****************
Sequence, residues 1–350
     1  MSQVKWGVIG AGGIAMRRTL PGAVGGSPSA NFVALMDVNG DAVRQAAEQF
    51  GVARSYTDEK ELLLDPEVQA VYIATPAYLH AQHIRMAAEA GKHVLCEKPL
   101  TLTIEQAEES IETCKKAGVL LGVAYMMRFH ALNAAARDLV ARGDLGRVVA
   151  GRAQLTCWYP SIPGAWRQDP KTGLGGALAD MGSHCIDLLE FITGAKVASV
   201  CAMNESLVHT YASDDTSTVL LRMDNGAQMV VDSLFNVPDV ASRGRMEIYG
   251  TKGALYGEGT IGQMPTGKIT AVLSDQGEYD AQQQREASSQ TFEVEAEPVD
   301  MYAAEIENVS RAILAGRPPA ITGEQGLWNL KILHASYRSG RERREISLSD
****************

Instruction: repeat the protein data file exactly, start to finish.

Sequence, residues 1–350
     1  MSQVKWGVIG AGGIAMRRTL PGAVGGSPSA NFVALMDVNG DAVRQAAEQF
    51  GVARSYTDEK ELLLDPEVQA VYIATPAYLH AQHIRMAAEA GKHVLCEKPL
   101  TLTIEQAEES IETCKKAGVL LGVAYMMRFH ALNAAARDLV ARGDLGRVVA
   151  GRAQLTCWYP SIPGAWRQDP KTGLGGALAD MGSHCIDLLE FITGAKVASV
   201  CAMNESLVHT YASDDTSTVL LRMDNGAQMV VDSLFNVPDV ASRGRMEIYG
   251  TKGALYGEGT IGQMPTGKIT AVLSDQGEYD AQQQREASSQ TFEVEAEPVD
   301  MYAAEIENVS RAILAGRPPA ITGEQGLWNL KILHASYRSG RERREISLSD